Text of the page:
Friday, March 06, 2009

National Debt

I never want to hear another leftie tell me about the debt President Bush wracked up for the US:

Mr. Obama's $3.6 trillion budget blueprint, by his own admission, redefines the role of government in our economy and society. The budget more than doubles the national debt held by the public, adding more to the debt than all previous presidents -- from George Washington to George W. Bush -- combined. WSJ

If you want to say that President Bush's mistakes forced President Obama to do this, please explain why Bush's spending was bad for the economy and Obama's is good.

More whiskey is not the smartest cure for a hangover.


mazenko said...

Though I'm not a leftie, I will offer this explanation from Steven Pearlstein in the Washington Post:

"By the middle of 2008, American households had build up debt of $13.9 trillion, more than double what it was a decade before. Businesses had accumulated debt of $10.9 trillion, also doubling in a decade. And financial institutions had piled up debt of $16.6 trillion, up from $6.3 trillion in 1998.

And the federal government? During that same period -- drum roll -- its debt rose from $3.8 trillion to $5.3 trillion."

Now, as the party comes to an end, and production, investing, lending, and spending goes into a necessary retreat, something needs to happen to continue fueling the economy's engines. So, as business, banks, and consumers step back and begin deleveraging, we have a problem because they are all doing it at once. So:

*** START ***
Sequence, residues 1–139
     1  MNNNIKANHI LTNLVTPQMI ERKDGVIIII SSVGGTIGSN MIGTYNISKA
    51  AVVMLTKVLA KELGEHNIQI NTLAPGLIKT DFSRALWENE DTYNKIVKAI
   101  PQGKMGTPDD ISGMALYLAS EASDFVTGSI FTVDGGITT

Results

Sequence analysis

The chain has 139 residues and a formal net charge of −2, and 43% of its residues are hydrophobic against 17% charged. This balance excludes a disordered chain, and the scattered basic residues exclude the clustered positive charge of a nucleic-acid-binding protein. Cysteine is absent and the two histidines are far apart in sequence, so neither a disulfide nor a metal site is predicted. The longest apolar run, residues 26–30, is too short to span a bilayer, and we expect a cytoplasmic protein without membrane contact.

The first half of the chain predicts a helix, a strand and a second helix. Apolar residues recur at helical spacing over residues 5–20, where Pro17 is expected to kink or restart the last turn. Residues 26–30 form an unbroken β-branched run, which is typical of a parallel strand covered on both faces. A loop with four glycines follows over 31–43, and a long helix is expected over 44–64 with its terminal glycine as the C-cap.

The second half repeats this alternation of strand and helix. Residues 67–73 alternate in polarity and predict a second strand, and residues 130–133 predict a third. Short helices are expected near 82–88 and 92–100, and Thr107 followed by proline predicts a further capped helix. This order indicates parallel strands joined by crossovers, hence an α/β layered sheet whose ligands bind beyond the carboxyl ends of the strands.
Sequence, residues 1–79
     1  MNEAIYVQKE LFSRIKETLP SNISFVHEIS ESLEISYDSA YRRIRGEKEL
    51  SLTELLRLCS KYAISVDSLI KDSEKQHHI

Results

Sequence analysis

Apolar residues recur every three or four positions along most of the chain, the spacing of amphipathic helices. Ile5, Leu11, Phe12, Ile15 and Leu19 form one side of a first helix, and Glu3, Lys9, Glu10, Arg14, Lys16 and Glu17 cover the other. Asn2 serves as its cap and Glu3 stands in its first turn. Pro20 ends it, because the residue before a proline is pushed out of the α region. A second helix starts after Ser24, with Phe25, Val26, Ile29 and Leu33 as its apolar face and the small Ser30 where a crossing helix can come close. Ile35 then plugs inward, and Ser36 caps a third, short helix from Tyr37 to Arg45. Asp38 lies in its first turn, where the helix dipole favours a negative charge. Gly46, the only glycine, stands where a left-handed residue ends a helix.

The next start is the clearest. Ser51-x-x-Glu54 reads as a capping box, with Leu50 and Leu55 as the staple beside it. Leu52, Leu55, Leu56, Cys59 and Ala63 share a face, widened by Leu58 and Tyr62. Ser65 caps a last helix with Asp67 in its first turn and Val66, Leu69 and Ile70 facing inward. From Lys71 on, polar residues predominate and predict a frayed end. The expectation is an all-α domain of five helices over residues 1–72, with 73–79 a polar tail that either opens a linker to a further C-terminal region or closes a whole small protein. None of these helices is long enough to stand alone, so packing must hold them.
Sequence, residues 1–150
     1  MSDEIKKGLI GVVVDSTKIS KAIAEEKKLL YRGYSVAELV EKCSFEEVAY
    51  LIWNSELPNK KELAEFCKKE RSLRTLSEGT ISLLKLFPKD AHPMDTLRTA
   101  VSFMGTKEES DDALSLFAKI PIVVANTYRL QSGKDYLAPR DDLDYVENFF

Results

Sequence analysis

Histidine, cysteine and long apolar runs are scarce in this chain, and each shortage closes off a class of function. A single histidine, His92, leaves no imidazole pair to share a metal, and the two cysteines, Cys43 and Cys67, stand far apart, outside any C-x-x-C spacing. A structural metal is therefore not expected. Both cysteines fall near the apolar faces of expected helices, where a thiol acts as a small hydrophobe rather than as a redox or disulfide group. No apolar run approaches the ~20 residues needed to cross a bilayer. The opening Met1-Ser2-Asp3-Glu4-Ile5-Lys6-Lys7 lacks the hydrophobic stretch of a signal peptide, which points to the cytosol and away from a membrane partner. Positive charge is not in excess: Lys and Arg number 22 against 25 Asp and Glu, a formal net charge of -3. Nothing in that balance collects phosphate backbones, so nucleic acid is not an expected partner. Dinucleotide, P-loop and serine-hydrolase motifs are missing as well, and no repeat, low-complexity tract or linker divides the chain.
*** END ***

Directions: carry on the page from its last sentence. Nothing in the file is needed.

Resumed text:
"That's where the government comes in. For if the government is increasing its borrowing, its spending and its lending at the very moment that everyone else is cutting back, it has the salutory effect of slowing down and smoothing out the adjustment process, reducing the risk of a vicious downward spiral that leads to a decade-long depression. Let the private sector adjust first and get itself back into balance." Then, the government can de-leverage as well.

"Remember also that to the extent that this extra government borrowing is used to create something of lasting economic value -- a road, a better-educated worker, a system of electronic medical records -- that will be a gift to the grandkids, not a burden. It will increase the productivity of their labor and their capital and thereby raise their incomes higher than they would have been if that money had never been borrowed and spent. Not all the $2 trillion falls into this worthwhile investment category, but a good chunk of it does."

While there are ideological objections to this, there are practical economic realities at work. In this case, doing something is better than doing nothing.